Often enough we see lots of patient who come to our clinics wanting to replace a missing or an unsightly tooth in the anterior part of the mouth. Usually the tooth missing is the first or second upper incisors.
Traditionally the dentist can offer a bridge to fill this gap. That means preparing the adjacent teeth which would often be completely healthy teeth to support a bridge. Not only the bridge preparation would mean an unwarranted destruction of the adjacent teeth, but as in our case report below, it would mean unacceptable aesthetics.
Mary (Not her real name) came to see us 9 months ago for a consultation on a missing tooth. Upon examination we found that she was wearing an upper denture after a loss of an upper right central incisor. She had seen another dentist from elsewhere and had replaced the lost tooth with an extraordinarily big tooth to cover the gap. She complained that her plastic tooth looked odd as it was bigger than her other teeth. Upon further questioning we discovered that she always had a gap between her front incisor teeth, also known technically as a median diastema. She was clearly unhappy with the appearance and wanted a “fixed” solution. She wanted her original “gap” back in between her two central incisors. Clearly a conventional fix bridge will not allow for a gap between the two incisors, therefore an implant would be the only solution.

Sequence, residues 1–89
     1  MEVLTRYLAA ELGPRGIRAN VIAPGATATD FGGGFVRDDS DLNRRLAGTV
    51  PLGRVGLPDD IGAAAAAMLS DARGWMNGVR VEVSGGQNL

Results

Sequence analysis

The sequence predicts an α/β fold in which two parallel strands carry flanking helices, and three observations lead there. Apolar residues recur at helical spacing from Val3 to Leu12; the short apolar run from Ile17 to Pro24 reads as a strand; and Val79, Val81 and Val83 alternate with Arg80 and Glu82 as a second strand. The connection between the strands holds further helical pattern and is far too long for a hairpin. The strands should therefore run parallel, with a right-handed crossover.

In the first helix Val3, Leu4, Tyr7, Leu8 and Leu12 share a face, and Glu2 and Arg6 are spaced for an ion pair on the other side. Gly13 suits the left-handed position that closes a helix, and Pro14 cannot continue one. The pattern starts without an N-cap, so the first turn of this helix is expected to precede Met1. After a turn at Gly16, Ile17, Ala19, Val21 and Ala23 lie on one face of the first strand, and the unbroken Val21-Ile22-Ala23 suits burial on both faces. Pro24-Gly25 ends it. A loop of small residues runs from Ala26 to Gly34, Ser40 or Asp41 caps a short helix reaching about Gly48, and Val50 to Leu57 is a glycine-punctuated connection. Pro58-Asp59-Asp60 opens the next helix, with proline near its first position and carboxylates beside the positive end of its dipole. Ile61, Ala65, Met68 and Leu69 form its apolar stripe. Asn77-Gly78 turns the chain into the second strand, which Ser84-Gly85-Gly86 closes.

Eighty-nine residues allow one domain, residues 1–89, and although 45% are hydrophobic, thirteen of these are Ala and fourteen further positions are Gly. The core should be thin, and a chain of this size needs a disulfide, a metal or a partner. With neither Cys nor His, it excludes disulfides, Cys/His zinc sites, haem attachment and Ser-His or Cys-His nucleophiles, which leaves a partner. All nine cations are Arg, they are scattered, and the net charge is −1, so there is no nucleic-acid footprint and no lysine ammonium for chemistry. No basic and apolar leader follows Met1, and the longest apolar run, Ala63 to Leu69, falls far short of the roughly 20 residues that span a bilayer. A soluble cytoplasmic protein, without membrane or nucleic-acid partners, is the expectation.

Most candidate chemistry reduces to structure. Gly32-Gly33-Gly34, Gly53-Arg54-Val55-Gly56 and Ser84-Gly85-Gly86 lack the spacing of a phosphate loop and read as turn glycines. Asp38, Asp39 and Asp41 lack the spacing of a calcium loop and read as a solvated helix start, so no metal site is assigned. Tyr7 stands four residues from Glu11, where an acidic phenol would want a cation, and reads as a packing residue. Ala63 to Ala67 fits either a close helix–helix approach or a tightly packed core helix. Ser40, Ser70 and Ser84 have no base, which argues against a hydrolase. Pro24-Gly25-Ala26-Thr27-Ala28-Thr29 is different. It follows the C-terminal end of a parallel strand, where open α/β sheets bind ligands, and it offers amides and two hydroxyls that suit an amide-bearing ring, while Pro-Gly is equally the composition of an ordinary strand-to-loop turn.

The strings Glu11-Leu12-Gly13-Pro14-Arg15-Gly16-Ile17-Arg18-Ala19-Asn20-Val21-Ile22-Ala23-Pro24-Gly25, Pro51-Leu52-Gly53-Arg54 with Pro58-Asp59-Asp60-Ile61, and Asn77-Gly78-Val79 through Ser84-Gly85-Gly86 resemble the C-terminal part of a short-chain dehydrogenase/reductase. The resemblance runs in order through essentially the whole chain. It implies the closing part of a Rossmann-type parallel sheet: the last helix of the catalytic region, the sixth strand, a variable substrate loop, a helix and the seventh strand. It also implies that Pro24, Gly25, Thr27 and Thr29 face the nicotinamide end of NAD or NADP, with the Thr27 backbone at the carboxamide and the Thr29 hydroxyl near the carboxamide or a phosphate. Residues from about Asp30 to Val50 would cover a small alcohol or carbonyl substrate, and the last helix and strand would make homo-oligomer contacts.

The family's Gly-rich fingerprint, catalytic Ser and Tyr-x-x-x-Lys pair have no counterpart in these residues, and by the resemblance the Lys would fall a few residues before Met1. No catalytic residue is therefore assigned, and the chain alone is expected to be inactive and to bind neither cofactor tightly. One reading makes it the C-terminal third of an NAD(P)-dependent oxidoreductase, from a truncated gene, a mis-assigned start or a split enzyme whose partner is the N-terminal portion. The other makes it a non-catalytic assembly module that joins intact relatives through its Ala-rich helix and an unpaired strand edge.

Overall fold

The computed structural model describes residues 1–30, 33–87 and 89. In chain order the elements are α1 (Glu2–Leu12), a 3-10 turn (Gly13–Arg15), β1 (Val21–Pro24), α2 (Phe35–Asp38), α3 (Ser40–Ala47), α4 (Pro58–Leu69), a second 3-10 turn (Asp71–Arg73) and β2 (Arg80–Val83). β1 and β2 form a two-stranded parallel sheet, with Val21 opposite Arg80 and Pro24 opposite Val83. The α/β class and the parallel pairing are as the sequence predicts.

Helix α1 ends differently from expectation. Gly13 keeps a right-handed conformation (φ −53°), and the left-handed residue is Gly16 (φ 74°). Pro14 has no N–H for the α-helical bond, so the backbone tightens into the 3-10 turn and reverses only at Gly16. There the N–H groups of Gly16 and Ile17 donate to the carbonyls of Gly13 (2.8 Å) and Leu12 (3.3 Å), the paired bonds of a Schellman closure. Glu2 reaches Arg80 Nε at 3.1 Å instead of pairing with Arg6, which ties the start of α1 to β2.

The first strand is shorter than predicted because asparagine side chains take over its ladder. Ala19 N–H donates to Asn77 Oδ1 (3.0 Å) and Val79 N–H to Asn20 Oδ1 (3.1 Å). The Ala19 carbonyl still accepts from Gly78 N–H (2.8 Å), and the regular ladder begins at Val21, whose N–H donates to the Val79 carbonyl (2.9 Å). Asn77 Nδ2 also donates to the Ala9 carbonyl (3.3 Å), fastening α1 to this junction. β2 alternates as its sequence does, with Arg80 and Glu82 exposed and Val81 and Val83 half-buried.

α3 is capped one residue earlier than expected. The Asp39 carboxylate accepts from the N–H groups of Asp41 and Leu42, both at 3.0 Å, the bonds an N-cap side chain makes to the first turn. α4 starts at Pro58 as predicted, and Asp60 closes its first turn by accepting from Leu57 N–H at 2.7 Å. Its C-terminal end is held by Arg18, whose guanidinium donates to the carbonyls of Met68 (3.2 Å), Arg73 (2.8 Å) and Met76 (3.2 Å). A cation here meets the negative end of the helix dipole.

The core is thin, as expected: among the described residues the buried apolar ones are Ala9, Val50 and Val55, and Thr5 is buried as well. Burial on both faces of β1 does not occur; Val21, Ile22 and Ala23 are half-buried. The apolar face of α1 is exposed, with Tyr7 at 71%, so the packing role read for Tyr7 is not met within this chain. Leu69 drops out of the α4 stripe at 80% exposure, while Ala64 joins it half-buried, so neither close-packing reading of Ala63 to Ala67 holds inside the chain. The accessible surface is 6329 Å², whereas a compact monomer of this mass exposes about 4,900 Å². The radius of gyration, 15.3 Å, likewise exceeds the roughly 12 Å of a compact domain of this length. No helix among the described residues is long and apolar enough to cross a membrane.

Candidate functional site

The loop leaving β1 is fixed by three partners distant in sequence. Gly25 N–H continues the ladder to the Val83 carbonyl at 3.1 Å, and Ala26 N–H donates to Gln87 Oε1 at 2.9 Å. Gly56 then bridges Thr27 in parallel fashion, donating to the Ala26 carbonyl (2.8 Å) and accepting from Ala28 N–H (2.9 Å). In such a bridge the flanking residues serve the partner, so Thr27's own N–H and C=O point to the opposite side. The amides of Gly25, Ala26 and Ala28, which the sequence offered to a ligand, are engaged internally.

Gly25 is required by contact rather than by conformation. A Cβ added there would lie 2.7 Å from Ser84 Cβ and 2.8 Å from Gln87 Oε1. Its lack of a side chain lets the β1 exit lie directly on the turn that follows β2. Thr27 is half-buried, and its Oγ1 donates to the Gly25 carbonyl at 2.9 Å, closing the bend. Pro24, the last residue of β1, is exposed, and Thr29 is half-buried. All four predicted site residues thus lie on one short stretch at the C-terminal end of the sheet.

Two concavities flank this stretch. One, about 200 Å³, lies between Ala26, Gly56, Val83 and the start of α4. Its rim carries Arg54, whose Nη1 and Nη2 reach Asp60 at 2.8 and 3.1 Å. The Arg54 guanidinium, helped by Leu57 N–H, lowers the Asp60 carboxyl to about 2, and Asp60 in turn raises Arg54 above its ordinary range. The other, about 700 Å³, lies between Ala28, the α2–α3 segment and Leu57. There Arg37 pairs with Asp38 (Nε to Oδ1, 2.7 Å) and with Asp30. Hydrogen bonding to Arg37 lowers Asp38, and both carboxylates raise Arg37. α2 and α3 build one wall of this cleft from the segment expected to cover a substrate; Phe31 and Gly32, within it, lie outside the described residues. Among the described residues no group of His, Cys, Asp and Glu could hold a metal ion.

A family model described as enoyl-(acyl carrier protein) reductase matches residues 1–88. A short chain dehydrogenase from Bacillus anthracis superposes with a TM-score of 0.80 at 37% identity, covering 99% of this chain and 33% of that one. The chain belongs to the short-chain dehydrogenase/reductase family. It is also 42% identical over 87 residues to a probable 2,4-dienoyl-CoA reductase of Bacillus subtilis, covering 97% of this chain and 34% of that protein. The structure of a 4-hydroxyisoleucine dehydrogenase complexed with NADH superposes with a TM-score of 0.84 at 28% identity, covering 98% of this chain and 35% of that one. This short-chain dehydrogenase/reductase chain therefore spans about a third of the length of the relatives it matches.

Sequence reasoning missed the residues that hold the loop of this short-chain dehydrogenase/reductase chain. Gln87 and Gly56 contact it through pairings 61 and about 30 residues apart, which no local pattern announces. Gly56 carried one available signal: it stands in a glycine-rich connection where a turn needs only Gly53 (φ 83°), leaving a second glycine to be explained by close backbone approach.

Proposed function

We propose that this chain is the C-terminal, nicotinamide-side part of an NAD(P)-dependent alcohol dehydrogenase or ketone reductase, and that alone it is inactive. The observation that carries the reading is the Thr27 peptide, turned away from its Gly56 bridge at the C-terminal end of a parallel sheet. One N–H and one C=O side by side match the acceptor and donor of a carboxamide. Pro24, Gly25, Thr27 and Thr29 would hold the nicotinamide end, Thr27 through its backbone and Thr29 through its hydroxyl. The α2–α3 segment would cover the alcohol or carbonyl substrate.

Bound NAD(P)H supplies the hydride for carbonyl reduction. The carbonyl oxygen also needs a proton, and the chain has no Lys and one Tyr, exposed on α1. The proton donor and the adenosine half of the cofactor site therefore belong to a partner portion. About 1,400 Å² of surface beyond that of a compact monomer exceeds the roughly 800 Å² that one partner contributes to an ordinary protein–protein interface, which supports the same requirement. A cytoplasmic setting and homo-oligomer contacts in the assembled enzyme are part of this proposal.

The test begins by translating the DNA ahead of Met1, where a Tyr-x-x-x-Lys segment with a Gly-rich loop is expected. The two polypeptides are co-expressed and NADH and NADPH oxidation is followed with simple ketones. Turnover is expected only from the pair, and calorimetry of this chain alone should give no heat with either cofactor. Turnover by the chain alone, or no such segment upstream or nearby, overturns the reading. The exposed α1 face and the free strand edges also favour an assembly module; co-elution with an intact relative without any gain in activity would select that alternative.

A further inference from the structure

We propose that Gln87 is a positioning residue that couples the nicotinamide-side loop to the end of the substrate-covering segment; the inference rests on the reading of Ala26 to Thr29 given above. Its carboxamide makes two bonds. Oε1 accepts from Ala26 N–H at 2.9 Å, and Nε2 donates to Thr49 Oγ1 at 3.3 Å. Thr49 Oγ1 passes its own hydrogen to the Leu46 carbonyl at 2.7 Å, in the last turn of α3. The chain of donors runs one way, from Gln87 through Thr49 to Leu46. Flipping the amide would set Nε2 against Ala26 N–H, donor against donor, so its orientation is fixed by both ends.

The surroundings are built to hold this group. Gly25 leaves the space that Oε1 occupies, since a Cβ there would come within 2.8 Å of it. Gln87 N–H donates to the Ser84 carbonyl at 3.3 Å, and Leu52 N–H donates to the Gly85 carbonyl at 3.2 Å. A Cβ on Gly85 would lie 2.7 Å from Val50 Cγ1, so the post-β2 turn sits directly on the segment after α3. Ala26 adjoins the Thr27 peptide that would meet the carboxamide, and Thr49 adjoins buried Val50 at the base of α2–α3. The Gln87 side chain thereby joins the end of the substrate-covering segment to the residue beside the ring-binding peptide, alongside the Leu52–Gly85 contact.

An implant was placed and several months later a second stage was done in which an abutment was placed as seen in the picture above. Note the big gaps between the teeth and implant.
The case was then restored with porcelain fused to metal crown as seen below.
Note after the placement of the crown, the patient was very happy in the sense that her “gaps” were restored and secondly none of her teeth need to be sacrificed for a bridge.
The advent of dental implants has given patients the choice of not having to sacrifice untouched or perfect teeth just for the sake of filling a missing tooth. In addition to that, those who prefer to restore the “gaps” between the teeth can do so with implants, something which was previously impossible with conventional dental bridges.